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Philippine military in pursuit of 30 Abu Sayyaf, Jemaah Islamiyah members

At least 30 Abu Sayyaf Group (ASG) and Jemaah Islamiyah (JI) members who survived a military air strike Thursday in Sulu are on the run and being pursued by government troops, the Armed Forces of the Philippine (AFP) said in a briefing Friday.
What remains of the groups are the target of continuing military operations, AFP spokesman Col. Arnulfo Marcelo Burgos told reporters in Quezon City’s Camp Aguinaldo.
“We cant say if there are wounded among them but we are after 30 personalities in the general area,” said Burgos.
The AFP maintained that 15 ASG and JI leaders and members died in Thursday’s airstrikes in Mindanao’s Sulu province, noting their bodies were retrieved and buried by their comrades after the assault by two OV-10 planes.
Also, Burgos noted the military is now trying to coordinate with families of the slain terrorists so that the bodies can be retrieved, saying the location where the dead were buried have been pinpointed by military assets on the ground.
“To us, this is already confirmed, but we have to prove that through DNA testing... Based on our assets, we are already confirming it…They were brought to different locations but we will come to that. We’ll have to prove this because this requires DNA testing,” said Burgos.

“This is our effort right now: to coordinate with the local authorities for the cooperation of the relatives because in determining DNA, we have to get DNA samples,” the military spokesman also said.
'A blow to transnational terrorism'

In a Reuters report Friday, Leslie Basset, US deputy ambassador to the Philippines, told reporters during a visit to Mindanao the death of the militants would be a serious set-back for them.
"If the reports are confirmed, it marks a very serious blow against transnational terrorism," Basset said.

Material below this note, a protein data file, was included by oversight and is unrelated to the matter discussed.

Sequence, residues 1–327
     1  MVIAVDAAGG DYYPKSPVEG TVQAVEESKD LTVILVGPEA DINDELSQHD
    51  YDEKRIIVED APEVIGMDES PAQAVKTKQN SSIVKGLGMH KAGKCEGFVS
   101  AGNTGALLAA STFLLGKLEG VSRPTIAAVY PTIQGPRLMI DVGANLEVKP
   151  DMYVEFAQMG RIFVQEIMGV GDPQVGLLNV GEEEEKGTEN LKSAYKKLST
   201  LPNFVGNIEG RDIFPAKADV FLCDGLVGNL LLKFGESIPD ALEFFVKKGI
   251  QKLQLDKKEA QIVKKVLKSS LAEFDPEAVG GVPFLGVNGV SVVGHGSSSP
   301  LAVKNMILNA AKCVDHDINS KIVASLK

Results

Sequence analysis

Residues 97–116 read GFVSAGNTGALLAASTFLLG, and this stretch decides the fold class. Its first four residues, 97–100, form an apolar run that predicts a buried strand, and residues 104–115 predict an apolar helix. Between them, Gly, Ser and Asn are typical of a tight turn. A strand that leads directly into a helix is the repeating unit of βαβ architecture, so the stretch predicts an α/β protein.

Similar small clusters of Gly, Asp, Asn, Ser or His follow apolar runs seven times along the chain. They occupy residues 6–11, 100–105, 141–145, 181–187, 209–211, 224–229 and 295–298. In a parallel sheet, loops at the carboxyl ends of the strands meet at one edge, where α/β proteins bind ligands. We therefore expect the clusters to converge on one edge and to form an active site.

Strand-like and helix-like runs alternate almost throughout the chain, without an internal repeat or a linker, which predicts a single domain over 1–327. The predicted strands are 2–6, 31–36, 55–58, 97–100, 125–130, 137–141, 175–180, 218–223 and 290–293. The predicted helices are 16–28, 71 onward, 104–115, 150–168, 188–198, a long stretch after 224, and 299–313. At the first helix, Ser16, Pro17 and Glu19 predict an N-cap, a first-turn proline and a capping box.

Fifteen of those slain were JI operatives Zulkipli Bin Hir (alias Marwan ) and Singaporean Muhammad Ali bin Abd Al-Rahman (alias Muawiya), and ASG senior leader Gumbahali Jumdail (alias Dr. Abu), the military said Thursday.
Marwan was identified as a Malaysian bomb-making expert, and Mauiyah as a former member of the Singaporean military with the rank of major. The United States had put up a $50,000 reward for his capture.
But Singapore's Ministry of Defense said Al-Rahman was not a former major nor had he been a regular member of the armed forces, Reuters noted in its report.
One of the fatalities, a certain Jumong — said to be a Malaysian Jemaah Islamiyah operative — is among six JI operatives who entered the Philippines last Dec. 30, Burgos said during Friday’s briefing.
The seven other fatalities, Burgos also said were Abu Sayyaf members Moammar Jumdail (alias Ting and son of Dr. Abu), Tati Jamhali, a certain alias Leong, alias Teng, alias Muin, Tuan Nash LIpae, and one Julpe.
Four others remain unidentified, their group affiliations unknown, Burgos noted.
The JI and ASG operatives were identified based on intelligence supplied by informants. “Its an A1. We cannot divulge all the other information because its operational... We know the locations," the military spokesperson said.
"On the part of Marwan, the mother of Marwan is already getting in touch with the Malaysian authorities… with our AFP authorities, regarding the retrieval of the body of Marwan,” he said of the Malaysian bomb expert.
Prepared for retaliation
According to Reuters, the Philippine military stepped up security on Friday in expectation of revenge attacks by Muslim rebels.
JI is a Southeast Asian group behind the 2005 bombing on the Indonesian island of Bali that killed 202 people, many of them foreign tourists.
The air strike on Sulu island was planned after the military got reports that 30 militants, including some JI members, had arrived there in December.
"We have already prepared for any probable retaliation," Major General Noel Coballes, head of the Army's Western Mindanao command, told reporters.
"We have alerted our units," he said. "They have just raised their security level, they intensified a little the measures they normally have in place."
Remote, Muslim parts of the southern Philippines have become a haven for militants from around the region who have found shelter with Philippine Muslim rebels who have been battling the government of the Christian-majority country for decades.
Southern Philippines is a focus of the US-led international campaign against militancy, launched after the Sept. 11, 2001 attacks in the United States and several hundred US soldiers are in the region helping train Philippine forces.
Philippine officials also denied media reports that US forces had used a P-3 Orion surveillance aircraft to help plan the air strike.
With Reuters/VS, GMA News
GMA News Online
February 3, 2012 8:57pm


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